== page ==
#20 Sister Judy

Sunday, July 31, 2011

#20 Sister Judy

I have put off writing this email because the loss is so painful.  I met Judy in 2007 when she was stationed here in Naivasha, as a social worker doing HIV education, going out to rural areas every day dispelling wrong ignorance and untruths, quietly encouraging the use of condoms to help reduce the spread, giving loving support to victims and their families.  The small convent where the 4 or 5 nuns lived is within the inner parish compound, just a few yards from the rectory.  She would come there to chat, laugh, share inner thoughts and just to be together.  We “clicked” as sometimes happens with those to begin as acquaintances and grow to be dear friends.  Pictured here are Judy and Sr Christine in the dining room of their convent in Karen.  It was taken last summer when I visited them.

As you may recall, I was to visit her for a few days, beginning the day I went to Nairobi to buy Kizito his camera and the day she died.  I had postponed the visit b/c I had to be back in Naivasha the next day and now the visit will never be.

I now have a greater understanding of what happened.  Evidently she had a toxic goiter, which can very quickly affect the heart and cause the blood pressure to fall precipitously.  I didn’t know much about that, but I happened to meet my pharmacist friend, Joyce Muturia at the funeral.  She explained how quickly that condition can kill and there is little that can be done to reverse it.  I had originally thought it was b/c of incompetent care, but I’m convinced that was not the case.  I’m not quite sure why I feel better about it, but I do.

The funeral was at the mother house of the Assumption Sisters of Nairobi, which is in Thika.  I remember years ago reading The Flame Trees of Thika, but I’ve never seen anything I would call a flame tree.  Thika is west of Nairobi, on a terrible road (so what else is new?)  We were 5 in the car, 3 nuns in the back, but they had sweetly saved the front for me.  I don’t know whether it was in deference to my exalted years or my mzunguskin.  As much as I try not to let myself be favored, it happens.  I confess I was happy to be in front, as it is so bouncy in back.  It also permitted the nuns to speak in Kiswahili (or Kikuyu) without my sitting there in silence.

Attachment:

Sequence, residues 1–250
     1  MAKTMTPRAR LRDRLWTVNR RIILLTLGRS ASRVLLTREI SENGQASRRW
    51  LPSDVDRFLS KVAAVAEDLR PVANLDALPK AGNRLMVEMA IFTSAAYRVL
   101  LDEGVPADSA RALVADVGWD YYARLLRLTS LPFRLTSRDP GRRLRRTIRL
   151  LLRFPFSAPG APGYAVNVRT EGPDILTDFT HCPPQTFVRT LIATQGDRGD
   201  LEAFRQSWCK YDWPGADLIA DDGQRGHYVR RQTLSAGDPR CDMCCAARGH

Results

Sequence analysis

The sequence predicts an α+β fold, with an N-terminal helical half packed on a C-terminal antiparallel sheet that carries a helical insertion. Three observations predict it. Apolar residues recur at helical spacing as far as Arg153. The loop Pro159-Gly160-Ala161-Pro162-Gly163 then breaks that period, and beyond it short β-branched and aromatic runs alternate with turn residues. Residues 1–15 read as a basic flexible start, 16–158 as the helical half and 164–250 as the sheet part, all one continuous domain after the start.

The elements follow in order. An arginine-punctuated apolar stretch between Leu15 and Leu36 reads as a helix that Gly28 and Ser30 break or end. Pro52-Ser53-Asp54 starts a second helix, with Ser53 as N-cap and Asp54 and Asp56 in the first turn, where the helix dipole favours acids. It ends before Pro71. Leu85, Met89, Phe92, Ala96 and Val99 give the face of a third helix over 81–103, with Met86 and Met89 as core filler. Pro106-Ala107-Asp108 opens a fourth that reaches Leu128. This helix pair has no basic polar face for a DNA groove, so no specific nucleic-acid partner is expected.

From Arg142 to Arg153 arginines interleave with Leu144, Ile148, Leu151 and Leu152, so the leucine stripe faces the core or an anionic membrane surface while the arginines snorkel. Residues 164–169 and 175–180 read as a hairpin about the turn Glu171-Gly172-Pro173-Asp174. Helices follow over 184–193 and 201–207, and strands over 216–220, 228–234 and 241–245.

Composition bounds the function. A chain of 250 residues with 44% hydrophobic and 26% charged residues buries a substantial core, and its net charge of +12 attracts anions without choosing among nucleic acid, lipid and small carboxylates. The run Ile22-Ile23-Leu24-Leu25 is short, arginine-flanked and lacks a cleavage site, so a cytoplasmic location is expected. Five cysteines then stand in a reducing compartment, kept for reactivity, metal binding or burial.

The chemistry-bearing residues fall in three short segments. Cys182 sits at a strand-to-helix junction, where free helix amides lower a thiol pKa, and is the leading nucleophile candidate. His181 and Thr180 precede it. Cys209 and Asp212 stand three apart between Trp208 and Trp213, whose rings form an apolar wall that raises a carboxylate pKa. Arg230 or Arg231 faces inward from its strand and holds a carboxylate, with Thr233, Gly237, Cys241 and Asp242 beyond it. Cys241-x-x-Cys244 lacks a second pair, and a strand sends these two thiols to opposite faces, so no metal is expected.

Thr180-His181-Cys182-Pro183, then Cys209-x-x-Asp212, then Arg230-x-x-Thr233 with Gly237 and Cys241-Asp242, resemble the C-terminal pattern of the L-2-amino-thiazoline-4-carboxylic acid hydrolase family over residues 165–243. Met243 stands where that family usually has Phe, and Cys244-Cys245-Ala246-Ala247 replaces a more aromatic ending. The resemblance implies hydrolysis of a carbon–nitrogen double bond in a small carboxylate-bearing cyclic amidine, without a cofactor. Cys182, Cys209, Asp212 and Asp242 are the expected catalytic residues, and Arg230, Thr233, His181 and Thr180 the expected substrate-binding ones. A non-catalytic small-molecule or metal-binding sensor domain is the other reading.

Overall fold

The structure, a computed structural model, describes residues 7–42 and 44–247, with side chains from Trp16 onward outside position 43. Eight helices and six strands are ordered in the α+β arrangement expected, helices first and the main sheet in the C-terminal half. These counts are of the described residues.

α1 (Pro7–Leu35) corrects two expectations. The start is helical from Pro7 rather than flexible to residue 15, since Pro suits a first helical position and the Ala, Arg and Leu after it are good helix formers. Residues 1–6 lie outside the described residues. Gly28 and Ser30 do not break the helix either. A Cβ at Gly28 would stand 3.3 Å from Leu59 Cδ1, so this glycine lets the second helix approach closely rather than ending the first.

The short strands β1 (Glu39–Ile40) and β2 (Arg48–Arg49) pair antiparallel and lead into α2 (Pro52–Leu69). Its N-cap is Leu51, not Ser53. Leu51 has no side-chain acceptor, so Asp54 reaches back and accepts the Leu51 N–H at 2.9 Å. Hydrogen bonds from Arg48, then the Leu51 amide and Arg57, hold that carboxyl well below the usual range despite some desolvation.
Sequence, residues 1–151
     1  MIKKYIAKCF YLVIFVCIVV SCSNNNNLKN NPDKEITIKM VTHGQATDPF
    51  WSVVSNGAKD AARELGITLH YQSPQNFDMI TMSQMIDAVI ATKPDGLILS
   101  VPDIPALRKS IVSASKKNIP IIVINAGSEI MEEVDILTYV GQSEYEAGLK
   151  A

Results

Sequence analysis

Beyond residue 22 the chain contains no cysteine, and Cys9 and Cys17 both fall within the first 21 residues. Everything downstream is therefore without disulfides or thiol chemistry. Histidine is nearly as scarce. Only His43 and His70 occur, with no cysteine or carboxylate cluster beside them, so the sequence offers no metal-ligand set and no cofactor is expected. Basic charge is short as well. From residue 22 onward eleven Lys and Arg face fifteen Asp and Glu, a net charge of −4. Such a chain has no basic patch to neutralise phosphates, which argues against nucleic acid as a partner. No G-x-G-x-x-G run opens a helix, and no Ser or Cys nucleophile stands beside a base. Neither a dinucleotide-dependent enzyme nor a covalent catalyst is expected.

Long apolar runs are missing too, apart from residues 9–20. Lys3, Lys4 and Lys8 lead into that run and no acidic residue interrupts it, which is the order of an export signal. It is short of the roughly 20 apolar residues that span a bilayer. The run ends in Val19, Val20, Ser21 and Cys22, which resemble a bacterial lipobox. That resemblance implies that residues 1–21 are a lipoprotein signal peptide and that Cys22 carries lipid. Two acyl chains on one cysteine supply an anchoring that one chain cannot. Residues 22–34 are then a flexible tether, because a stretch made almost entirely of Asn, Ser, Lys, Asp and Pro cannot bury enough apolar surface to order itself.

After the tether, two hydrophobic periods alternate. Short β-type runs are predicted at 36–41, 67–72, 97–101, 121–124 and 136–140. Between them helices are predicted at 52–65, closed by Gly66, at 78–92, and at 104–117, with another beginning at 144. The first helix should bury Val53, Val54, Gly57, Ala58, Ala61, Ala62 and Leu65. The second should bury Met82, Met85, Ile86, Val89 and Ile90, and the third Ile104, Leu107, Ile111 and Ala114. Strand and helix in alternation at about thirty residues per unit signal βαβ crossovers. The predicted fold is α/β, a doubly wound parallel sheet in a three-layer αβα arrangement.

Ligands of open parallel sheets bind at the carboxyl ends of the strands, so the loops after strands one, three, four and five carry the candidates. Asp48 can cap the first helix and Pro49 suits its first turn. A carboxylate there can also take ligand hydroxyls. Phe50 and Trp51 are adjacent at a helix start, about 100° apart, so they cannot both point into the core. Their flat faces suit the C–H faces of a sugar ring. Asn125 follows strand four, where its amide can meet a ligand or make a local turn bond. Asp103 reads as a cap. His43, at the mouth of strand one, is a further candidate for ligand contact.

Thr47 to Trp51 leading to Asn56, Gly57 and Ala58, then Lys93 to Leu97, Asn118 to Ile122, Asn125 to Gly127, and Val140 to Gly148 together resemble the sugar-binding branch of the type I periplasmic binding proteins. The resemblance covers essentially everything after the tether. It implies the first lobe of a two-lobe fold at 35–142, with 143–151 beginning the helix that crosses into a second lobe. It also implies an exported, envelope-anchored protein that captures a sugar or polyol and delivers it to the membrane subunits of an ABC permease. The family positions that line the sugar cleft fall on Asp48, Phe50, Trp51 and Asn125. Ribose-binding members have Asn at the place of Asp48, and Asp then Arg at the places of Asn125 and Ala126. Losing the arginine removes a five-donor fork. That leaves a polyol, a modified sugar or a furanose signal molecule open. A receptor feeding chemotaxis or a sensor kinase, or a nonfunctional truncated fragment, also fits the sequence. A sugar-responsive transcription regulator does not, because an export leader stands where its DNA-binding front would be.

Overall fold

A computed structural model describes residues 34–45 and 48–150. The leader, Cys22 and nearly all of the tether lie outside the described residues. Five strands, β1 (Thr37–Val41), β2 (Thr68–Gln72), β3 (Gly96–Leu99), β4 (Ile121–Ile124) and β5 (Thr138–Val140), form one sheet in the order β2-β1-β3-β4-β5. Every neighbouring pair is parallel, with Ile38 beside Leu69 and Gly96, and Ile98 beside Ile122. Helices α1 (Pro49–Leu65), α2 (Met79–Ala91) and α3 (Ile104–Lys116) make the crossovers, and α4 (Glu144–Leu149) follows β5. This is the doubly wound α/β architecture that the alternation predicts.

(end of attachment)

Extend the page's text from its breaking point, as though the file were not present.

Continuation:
The mass was to be at 9, but it’s a 2 hours drive and we left at 7:30.  Evidently Fr Kiriti knew it wouldn’t be at 9 and in fact it began at about 10:30.  It was conduced by the bishop of Nairobi, indicating the high esteem in which she was held.  It is the tradition here to view the body.  Coffins are constructed with a small window with a slide opening.  Only the head and a bit of the torso are visible.  I had seen that once before when I attended the funeral of Fr Kiriti’s aunt several years ago.  In addition to the many nuns and priests in attendance, there were many lay people and a contingent of students from the center where she worked.  The queue to view the body was long and I waited until I thought I had myself under control before I joined it.  But my face must have shown otherwise b/c another nun I know, Sr Helen came to hold my hand and then another, Sr Pauline.  I was so touched by their concern, as it was their loss too.  In the past I have thought that viewing the body was grotesque, but I needed to see her to know that this vital, alive person was really no longer alive.  And then I just felt a profound sadness and fatigue.  I sat there, literally falling asleep, trying to be respectful but unable to stay awake.  There were many eulogies and the mass didn’t end until about 2:30.  Of course there was food to eat, people I know to talk to and Fr Kiriti knew practically every priest and nun.

Finally we climbed back into the car for the grueling ride back.  Fr K decided to take a different route, which turned out to be far worse, b/c the traffic rivaled any jam I’ve ever been in—inching along, except here a skillful driver will do anything to pass even one vehicle, knowing that there are 1000 more vehicle ahead anyway.  They go over curbs, pass on the right (only here it’s the left), nose out other drivers, make a lane where none is—you name it.  It’s not a dull experience—I didn’t fall asleep!

And so this woman who loved to lead the choir and had a lovely voice, who always had a smile, a word of encouragement, a hug, and a hearty laugh has left us.  She is missed.

Margo

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